Tuesday, October 28, 2008

World's smallest coppice?

I have, as I do every year, cut back my three sallow trees (actually two grey sallow, Salix cinerea, and one goat willow, Salix caprea) now all the leaves have gone (mostly eaten by sawfly larvae).

The pictures below show the situation before and after the coppicing and sharp-eyed visitors may be able to see where some of the twigs top left have disappeared.

20081027 Wbx 002

20081027 Wbx  003

I took the cut off twigs and shaped them into a bundle.  I call these 'woodcharms' but I suppose the correct term is 'faggots', a word deriving from the same root as 'fascist' (from the bundles of rods, or fasces, carried by people in power and authority in ancient Rome). 

20081027 Wbx Salix woodcharm faggot

A faggot was, like mine, bound with two ties.  If only one tie had been used it would have been a bavin (I now feel moved to make a bavin so I can legitimately use this word).

My faggots are also a bit small.  A short faggot would have been 24 inches (61 cm) round and 32 inches (81.3 cm) long and a long faggot 24 inches round and 48 inches (121.9 cm) long.  I guess mine is a microfaggot.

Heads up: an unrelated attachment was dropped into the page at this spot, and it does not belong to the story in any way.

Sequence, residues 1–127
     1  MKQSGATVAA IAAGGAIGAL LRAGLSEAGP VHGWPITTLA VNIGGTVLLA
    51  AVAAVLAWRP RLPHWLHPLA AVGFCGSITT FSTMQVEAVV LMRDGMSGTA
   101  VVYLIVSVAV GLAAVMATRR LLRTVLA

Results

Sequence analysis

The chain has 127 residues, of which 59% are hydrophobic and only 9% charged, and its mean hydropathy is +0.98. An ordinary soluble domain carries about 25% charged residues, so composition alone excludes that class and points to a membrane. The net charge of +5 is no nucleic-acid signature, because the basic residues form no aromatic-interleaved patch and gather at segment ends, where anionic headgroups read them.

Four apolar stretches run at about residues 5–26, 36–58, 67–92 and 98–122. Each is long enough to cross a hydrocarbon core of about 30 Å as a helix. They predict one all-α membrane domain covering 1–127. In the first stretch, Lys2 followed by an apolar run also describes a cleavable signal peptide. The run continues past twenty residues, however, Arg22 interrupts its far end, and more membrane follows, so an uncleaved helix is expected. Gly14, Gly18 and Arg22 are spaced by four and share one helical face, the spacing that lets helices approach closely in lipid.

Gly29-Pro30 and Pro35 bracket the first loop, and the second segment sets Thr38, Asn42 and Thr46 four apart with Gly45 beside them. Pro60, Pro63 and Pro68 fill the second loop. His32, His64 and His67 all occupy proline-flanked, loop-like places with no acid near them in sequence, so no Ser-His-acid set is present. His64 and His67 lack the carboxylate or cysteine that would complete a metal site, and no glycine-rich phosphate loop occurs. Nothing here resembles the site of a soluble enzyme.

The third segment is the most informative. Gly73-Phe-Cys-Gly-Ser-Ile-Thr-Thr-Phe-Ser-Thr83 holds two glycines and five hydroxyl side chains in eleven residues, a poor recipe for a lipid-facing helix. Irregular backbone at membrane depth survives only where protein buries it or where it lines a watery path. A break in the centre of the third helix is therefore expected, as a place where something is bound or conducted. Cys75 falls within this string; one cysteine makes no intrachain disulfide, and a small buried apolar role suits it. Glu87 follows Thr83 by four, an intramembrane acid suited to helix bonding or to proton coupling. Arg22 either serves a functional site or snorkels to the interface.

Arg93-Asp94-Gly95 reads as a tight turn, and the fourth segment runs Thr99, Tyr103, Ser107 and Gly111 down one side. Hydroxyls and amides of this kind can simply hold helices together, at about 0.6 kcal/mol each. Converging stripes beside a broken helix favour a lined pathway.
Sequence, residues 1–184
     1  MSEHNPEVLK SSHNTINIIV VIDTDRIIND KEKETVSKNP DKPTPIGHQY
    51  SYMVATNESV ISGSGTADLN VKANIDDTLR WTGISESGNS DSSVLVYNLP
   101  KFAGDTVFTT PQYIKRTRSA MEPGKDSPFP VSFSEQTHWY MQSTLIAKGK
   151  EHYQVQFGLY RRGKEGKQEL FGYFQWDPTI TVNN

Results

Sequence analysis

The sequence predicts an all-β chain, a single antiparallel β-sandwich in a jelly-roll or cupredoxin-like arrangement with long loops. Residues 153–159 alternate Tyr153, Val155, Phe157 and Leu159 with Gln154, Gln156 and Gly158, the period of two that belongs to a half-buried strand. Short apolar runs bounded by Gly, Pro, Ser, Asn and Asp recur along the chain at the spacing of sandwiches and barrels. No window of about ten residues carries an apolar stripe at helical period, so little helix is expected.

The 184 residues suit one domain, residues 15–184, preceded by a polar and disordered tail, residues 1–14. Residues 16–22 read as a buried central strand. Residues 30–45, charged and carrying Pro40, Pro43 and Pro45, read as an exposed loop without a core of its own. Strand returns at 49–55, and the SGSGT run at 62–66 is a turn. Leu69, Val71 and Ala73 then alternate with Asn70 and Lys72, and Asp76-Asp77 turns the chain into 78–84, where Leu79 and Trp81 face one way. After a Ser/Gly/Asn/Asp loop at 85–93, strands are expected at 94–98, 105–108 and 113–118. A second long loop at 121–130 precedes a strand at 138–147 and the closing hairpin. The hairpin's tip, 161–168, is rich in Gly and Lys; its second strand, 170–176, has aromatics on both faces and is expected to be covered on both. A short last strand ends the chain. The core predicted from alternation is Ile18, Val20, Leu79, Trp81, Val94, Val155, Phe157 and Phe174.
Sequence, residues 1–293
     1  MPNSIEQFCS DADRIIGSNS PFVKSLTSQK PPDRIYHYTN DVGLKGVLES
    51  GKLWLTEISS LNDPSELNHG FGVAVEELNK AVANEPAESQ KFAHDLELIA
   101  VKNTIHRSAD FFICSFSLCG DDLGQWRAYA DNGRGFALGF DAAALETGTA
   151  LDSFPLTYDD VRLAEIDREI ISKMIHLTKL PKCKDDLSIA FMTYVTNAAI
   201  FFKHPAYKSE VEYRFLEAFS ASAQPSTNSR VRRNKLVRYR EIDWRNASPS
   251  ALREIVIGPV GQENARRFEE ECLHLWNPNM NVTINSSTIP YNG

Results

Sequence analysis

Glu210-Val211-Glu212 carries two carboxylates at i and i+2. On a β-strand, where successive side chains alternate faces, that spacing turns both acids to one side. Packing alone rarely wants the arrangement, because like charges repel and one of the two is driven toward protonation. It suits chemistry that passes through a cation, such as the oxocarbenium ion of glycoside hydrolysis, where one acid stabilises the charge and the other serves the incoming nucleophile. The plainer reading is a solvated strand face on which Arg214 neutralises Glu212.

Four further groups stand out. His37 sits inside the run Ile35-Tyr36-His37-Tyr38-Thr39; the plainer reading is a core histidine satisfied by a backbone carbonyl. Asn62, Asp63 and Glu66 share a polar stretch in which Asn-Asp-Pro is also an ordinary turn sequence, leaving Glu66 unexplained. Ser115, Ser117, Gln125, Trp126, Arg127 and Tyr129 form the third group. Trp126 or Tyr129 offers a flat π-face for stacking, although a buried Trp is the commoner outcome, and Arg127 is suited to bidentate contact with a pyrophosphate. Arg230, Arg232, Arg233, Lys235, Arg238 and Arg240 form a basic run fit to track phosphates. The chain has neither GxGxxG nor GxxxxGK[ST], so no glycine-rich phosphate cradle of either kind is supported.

I have put this microfaggot alongside the northern end of the window box and one of the cut sallow stools can be seen top right of the photo.  Hopefully this will help to rebuild the soil level which still continues to shrink and drop.  This year I will leave any fallen leaves that blow into the box, though I don't think these will help much.

Sunday, October 19, 2008

The striped gold midget

Some dark blotches on several of the leaves of the Himalayan honeysuckle (Leycesteria formosa) have proved to be the upper side of the leaf mine of the striped gold midget (Phyllonorycter emberizaepenella).

20081018 P emberizaepenella 3

'Phyllonorycter' means 'leaf-digger' and 'emberizaepenella' 'bunting-winged' so the vernacular name should, perhaps be 'bunting- winged leaf-digger'. But there are some further complexities with this wonderfully Ciceronian scientific name: the second half of the specific name derives from Latin penna meaning a wing. This would give two n's in emberizaepenella and the fact that there is only one is said to be a typographical error. Unless a properly recorded earlier version of the specific name of this moth is found the misspelt version has to remain under the international rules of nomenclature.

The moth is said to widespread but very local and the larvae feed also on honeysuckles and snowberry. There are no records for the species in East Sussex in the Sussex Biodiversity Record Centre's database. There is however a dot for East Sussex in The moths and butterflies of Great Britain and Ireland, so it must have been found. It is, however, listed by the Record Centre as occurring at Ebernoe Common, West Sussex.